I kept looking around for something to do, because I couldn’t tend to my usual tasks. Without my car, oven, or computer how should I best love my family well, write well for God? I heard Jesus calling. Here’s what you should do. Sit with me. Talk to me. Guess what? As I sat still with the Lord, it was peaceful. I didn’t feel less, because I wasn’t rocking all my tasks. God was in my moments of not being able to achieve. He didn’t ditch me just because I wasn’t doing all the things. In fact, God asked me who gave me those assignments, because He never said in order to be a good mom I had to drive to soccer practice or that in order to write for Him I had to finish the third chapter for my proposal by the end of the week. Turns out those were metrics I was using. Not God.
My initial response, “child of God,” was right, But God didn’t want me to fill in the bubble and turn the page. It’s too important. It’s actually true. Jesus wanted me to soak myself in it, wrap myself in it. I am a child of God. I am His. I am chosen. I am loved. I am empowered. I am enough.
And so are you.
The things I’ve been stripped of are minimal and temporary. I have friends who have been stripped of much more. One friend lost their home. Another their relationship. Yet, another her memories. Who are these people without their house, partner, and past? They are still God’s children. He still holds them dear. They still have complete access to God’s strength, power, joy, peace, and love. There’s nothing in Scripture that states we need a family, to be married, to live in a certain place or have a certain state of mental health to be loved by Jesus.
Do we believe that? Do we live like that?
God is hammering this truth into my head. It’s a blast to love on my husband and kids, and write stories for Jesus. It is. Down to my core I believe God called me to do these things. They light me up. But I also need to trust that God is in control—that when everything else is gone, when it’s just me and Jesus, that that is enough. In fact, it’s spectacular.
I don’t know what you call yourself today, but how would you feel if one of those nametags got peeled off? If the things you do disappear… who are you?
Jesus told some fishermen, “Drop your nets and follow me.” He told a rich man, “Sell everything you have and follow me.” Jesus looked a tax collector in the eye and said, “Quit your job. Follow me.”Not everyone Jesus challenged to strip off the things that defined them obeyed. Those are some tough instructions. But those that did, those that laid down their nets and their balance sheets, never regretted it.
I am not fully responsible for making everything work, for having all the answers, for doing everything perfectly. Neither are you. This is such a relief. But what’s even better to know is that the Lord of all loves me, loves you, not for any of our statuses, but simply because we’re His. I’m not wishing upon any of you that you lose something that matters to you, but I am praying that whatever you do or don’t have, that you realize how fully loved and complete you are, because you belong to Jesus.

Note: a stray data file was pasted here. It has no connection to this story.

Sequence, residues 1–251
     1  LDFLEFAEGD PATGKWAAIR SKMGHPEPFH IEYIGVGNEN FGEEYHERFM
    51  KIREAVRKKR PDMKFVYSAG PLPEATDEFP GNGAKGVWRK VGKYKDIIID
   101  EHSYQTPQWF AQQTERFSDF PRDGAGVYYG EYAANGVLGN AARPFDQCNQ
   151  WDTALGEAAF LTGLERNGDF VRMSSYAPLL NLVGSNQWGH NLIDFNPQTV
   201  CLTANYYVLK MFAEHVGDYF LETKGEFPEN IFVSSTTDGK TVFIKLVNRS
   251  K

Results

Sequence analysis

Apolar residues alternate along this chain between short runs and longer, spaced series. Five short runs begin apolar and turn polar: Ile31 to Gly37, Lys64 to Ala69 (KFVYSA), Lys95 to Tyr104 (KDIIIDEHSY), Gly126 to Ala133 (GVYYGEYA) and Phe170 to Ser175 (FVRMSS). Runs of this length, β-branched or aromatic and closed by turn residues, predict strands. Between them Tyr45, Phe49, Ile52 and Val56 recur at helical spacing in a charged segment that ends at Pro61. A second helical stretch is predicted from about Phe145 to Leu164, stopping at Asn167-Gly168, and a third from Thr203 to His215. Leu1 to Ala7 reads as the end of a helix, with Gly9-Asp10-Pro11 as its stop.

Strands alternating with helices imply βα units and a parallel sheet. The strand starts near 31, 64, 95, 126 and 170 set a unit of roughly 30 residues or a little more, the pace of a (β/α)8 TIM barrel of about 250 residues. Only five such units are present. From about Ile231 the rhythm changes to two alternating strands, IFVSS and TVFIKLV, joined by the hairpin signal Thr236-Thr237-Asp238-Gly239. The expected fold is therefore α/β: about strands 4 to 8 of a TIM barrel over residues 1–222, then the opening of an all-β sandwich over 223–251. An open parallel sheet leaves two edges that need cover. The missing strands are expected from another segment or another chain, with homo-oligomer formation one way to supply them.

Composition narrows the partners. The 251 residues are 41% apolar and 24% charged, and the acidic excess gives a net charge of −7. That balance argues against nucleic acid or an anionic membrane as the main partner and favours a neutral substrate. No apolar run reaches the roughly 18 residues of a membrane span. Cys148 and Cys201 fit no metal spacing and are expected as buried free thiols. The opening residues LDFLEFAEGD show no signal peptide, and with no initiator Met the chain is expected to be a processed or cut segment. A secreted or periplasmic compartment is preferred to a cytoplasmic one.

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Flying home from California my ears filled with pressure. It felt like someone was stuffing thick, fuzzy bath towels in my ears. And believe me, there was no room for them. I feel it on most flights, but this was a doozy. I told my husband if I was a baby I would have been screaming. I turned to all the tricks—chewing gum, drinking water, fake yawning. And I was doing them all a bit too fervently, hoping for even the slightest relief in my ears. Then, probably, because of all the bizarre antics of chomping and swallowing, I got the hiccups. I attempted to contain them, because although my husband sat on my right, a stranger sat on my left, and I didn’t want to weird him out too much. So my body twitched every four seconds and my ears felt like they were going to explode, and I was trying to breathe deeply, in and out, but I felt like a cartoon. The plane could not land quickly enough.
Somewhere in the midst of all the ridiculousness, I realized Jesus also got the hiccups. Jesus’s ears popped. I giggled in my seat—more antics. There was relief in this fact. It’s silly. And trivial. But also pretty cool. God, who designed oak trees to grow 80 feet tall and produce tiny acorns, less than an inch tall, with a point on the end so they could plant themselves insuring oaks won’t become extinct. That same God came down to earth to experience everything about being human. Everything. So Jesus could understand us better.
He didn’t have to. He could have stayed up on His royal throne. But Jesus chose this humbling condition—hiccups and all—out of love for us.
Jesus probably got splinters, experienced headaches. He sweat, got chilly, had to blow his nose. And maybe broke His ankle playing in the hills with His brother, James. Jesus most likely had nosebleeds, and definitely had his share of bad nights of sleep.
Whatever your body is experiencing today—migraine, fatigue, sore muscles—Jesus knows what you’re up against. He doesn’t just sympathize, but empathizes. So talk to Him about it. And take comfort knowing the King of the universe loves you so much, that He experienced all kinds of peculiar bodily pain so He could relate to you.
Take inventory of your body. What’s working well—a healed cut? Cleared sinuses? Praise Jesus for it.
What’s not—cramps? Allergies? Ask Jesus for relief.
Thank Him for taking on a human body, so He could truly understand.
Laura L. Smith